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European Academics Say That They See Themselves As The Main Initiator Of UBC – Business Disagrees

March 08, 2017

The following article initiates the dissemination of the results of the largest UBC study “State of European University-Business Cooperation” which is commissioned by the European Commission and managed by S2BMRC as the lead partner.

The study undertaken between September and December 2016 sought to explore this topic further by posing the question ‘Who initiates university-business cooperation?’ to both academics and businesses alike.

European academics say that they see themselves as the main initiator of UBC

The study revealed that European academics believe that they are usually responsible for starting cooperation activities. Academics believe that the most common way to start cooperation with business is through their own initiative or through the initiative of a colleague, whilst the least likely commencement point for cooperation was through current students. Internal intermediaries, university management, business, alumni, external intermediaries and government were approximately equally likely to initiate cooperation.

The majority of European businesses state that their organisation is the main initiator of UBC

In contrast to European academics, the participating business people perceive their own organisation to be detrimental for the initiation of university-business collaboration. According to business people from over 30 countries, the rank their own organisations as the driving forces for cooperation with a higher education institution, far more than university alumni working at their businesses, who just sometimes establish collaboration with academia.
From the business respondents point of view, internal intermediaries within the university are rather seldom responsible for initiating UBC, whilst external intermediaries who work for regional development agencies or networks are perceived to be the least likely to start cooperation activities.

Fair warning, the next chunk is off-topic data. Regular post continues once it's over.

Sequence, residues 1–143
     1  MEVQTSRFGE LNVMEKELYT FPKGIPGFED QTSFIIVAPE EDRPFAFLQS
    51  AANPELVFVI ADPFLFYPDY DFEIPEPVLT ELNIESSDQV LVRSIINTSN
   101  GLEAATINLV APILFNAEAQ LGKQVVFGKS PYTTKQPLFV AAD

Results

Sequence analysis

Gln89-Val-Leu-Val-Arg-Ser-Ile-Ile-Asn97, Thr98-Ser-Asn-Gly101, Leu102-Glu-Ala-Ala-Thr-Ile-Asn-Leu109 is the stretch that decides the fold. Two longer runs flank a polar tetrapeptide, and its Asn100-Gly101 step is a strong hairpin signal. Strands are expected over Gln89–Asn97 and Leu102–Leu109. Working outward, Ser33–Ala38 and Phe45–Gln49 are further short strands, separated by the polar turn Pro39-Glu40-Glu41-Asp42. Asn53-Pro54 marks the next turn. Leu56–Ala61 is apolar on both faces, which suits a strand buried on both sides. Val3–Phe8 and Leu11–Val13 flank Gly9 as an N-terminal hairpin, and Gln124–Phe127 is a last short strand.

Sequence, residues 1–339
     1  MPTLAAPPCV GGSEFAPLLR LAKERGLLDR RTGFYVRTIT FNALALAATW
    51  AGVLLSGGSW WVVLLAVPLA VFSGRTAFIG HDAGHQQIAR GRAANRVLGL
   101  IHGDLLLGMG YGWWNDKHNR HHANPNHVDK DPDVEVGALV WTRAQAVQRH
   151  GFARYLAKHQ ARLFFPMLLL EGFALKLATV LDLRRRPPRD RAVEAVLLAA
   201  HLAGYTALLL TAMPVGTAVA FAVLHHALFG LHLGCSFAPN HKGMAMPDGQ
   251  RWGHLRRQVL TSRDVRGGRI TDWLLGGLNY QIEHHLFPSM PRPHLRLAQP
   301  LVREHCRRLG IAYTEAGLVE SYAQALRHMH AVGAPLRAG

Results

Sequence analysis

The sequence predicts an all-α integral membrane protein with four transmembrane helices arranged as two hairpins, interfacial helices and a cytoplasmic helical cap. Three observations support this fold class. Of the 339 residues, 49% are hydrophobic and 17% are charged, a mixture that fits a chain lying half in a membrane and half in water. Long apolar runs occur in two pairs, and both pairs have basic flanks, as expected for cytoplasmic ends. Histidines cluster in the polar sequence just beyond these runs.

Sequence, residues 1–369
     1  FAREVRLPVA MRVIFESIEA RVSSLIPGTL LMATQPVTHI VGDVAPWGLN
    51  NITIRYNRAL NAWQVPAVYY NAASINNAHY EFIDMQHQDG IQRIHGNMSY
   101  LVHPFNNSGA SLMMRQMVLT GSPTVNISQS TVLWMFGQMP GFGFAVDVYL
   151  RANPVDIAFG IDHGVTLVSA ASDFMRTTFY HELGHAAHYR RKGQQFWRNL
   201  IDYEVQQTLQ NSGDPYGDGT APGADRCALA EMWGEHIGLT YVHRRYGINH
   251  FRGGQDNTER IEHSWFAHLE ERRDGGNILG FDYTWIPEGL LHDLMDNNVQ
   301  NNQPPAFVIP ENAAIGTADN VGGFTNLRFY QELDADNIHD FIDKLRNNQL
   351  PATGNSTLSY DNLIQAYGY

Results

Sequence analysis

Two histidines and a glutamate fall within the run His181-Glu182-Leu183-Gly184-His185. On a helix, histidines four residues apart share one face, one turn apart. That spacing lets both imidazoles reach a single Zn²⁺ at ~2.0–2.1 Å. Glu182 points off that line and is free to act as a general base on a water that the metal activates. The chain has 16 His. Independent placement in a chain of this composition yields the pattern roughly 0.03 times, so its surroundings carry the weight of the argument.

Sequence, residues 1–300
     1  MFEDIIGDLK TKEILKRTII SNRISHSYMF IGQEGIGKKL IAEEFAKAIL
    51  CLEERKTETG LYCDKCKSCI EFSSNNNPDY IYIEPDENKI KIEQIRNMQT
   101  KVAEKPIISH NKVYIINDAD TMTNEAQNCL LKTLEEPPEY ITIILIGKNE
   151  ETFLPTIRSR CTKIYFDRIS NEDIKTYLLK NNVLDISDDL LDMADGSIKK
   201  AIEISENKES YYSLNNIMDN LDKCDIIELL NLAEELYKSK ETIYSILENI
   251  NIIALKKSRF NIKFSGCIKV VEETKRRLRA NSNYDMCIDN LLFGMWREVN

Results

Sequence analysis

Key insights and the growing importance of intermediaries

Given that these results are perceptions of the respective stakeholders, the reality may differ. Nevertheless, agencies looking to support cooperation can take away the following insights:

  • If this is indeed true that academic and businesses are commencing their own cooperation, then the role of intermediaries could be to get around the academics and businesses to support them in their endeavors (e.g. help them to reduce bureaucracy associated with cooperation)
  • The wide range of initiators suggests there are actually multiple initiators of UBC with academics, business and alumni leading actors in commencing cooperation activities.
  • The lack of recognition of intermediaries by business particularly highlights either the potential for intermediaries to improve in this area, or given that UBC is driven by people and relationships (Davey et al. 2011), that intermediaries could take the role of supporting relationships as much as any introductory role they might have.

How does cooperation commence?

Initiating cooperation between university academics and businesses requires individuals and groups to identify potential partners and engage in initial contact, before identifying whether and how the potential collaboration could work. Rather than individually driven direct advances of either side, individuals commonly meet potential partners in open forums, including workshops and industry conferences, networking sessions or other social functions (Plewa et al., 2013). Referrals from colleagues are also ways in which initial contact is made, further demonstrating the importance of a social and professional network for the initial introductory phase.
What appears paramount is the personal connection or the chemistry between individuals seeking and assessing opportunities for working together. As people identify each other, develop joint opportunities and create the foundations for the collaboration to happen, it is the melting pots that bring diverse people together and enable such chemistry to happen.

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Plewa, C., Korff, N., Johnson, C., Macpherson, G., Baaken, T., and Rampersad, G. (2013) “Evolution of University-Industry Linkages – A Framework”, Journal of Engineering and Technology Management, 30 (1), 21-44

Davey, T., Baaken, T., Galán-Muros, V., Meerman, A.; (2011), ‘Study on the cooperation between Higher Education Institutions and Public and Private Organisations in Europe’. European Commission, DG Education and Culture, Brussels, Belgium; ISBN 978-92-79-23167-4, (Book/Report)